The Faces of Jaws

Everyone knows the stars of the movie “Jaws”. Between them, the three actors had Oscar nominations for five other roles and one win for best actor. All three leads had long and distinguished filmographies. I would never say anything to diminish the contributions that they made to the film. The movie however has a background cast that is made up not of necessarily great actors but great faces. When you look at the characters, most of whom appeared in only one scene and often without a line, you get a real feeling for the community of fishermen and tourist business owners and other locals that are likely to make up the population of Amity Island.

Robert Shaw’s Quint is shadowed in his scenes on land by a mysterious, mute, slack jawed lackey with a dog. He may be Quint’s usual assistant, but he apparently knows better than to get on the Orca with Quint in full Ahab mode. Ben Gardner’s most famous moment occurs underwater and at night, but he lends credibility to the film as the charter boat captain that thinks all of the bounty hunting fishermen are looney.

Locals like Polly, the Chief’s secretary, seem to have aged under the sun and the fog of the island. We only see the back of the irate store owner as he berates the jobber who failed to bring in the correct summer stock, but we can tell from his posture and the face of the man he is confronting, he expects people to listen to him. The harbor master is almost a parody of old sea captains from the area, and by the way he was a dead ringer for my Father in Law.

If you want to look despair in the eye and have it followed up by fury, glance at Mrs. Kitner as she confronts the Chief on his feckless handling of the original shark attacks. The local motel owner is scowling at the news that the beaches are closed and she drops the dead bird on the conversation when she tells the crowd at the public meeting that the joke about the bounty being in cash or check is not funny. Her eyes tell you she sees no humor there.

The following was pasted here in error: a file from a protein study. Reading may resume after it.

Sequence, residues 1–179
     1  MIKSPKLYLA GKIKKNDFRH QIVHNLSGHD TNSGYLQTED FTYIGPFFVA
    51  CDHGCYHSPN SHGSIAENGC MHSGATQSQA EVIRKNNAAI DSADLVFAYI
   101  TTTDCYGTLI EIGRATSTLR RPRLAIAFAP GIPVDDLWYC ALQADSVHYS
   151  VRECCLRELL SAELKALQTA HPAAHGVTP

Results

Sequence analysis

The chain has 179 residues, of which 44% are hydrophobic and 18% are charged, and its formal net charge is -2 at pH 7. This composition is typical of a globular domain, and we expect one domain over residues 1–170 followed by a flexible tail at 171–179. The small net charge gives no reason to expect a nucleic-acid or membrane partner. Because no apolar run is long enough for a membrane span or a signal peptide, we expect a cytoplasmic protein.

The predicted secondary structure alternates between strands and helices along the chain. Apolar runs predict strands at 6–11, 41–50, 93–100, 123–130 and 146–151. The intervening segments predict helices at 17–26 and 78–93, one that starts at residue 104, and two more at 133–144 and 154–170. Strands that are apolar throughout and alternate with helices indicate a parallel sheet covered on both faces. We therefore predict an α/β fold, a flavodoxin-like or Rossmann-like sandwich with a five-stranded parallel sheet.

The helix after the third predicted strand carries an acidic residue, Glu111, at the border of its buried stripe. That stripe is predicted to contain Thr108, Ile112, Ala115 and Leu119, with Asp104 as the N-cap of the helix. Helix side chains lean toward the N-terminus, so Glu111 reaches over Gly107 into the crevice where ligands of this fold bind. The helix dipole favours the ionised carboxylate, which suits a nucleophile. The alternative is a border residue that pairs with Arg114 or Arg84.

The collection of oddballs they gathered for the successful bounty hunters is hysterical. One guy looks like the kid from “Deliverance” all grown up, the other two look like bowling pros who are slumming for the weekend by fishing for shark. The media guys are played by real media guys, slightly out of their element. Benchly looks like a condescending elitist, pontificating on camera about the island being terrorized.  Screenwriter Gottlieb is mostly in the background but fits as the reporter who is more booster than newsman.

The stuntman who dies in the estuary looks more like he belonged in the little rowboat he occupied than any day sailing vessel. The poor kid on the beach who can’t find his dog, victim number two who is often over looked, Pipet, has a nice forlorn expression. College boy drunk who missed out on getting with Chrissy and being dessert, has the long blond hair of a college crew member on Hartford’s rowing team. Best of all, the two little stinkers who play the practical joke with the cardboard fin are perfectly snotty and whiny when they get caught. The speed with which the younger one throws his partner under the bus was amazing and he had the face of a squealer to match the performance.

None of these were big parts but they were all essential to making the movie entertaining as it sets up the confrontation that takes place in the last act.

One last face to include from this evenings screening, TCM Host Ben Mankiewicz.  If you left before the credits were over, you missed a nice little coda that was also an ad for “Double Indemnity” next month.

 See you in July Ben.

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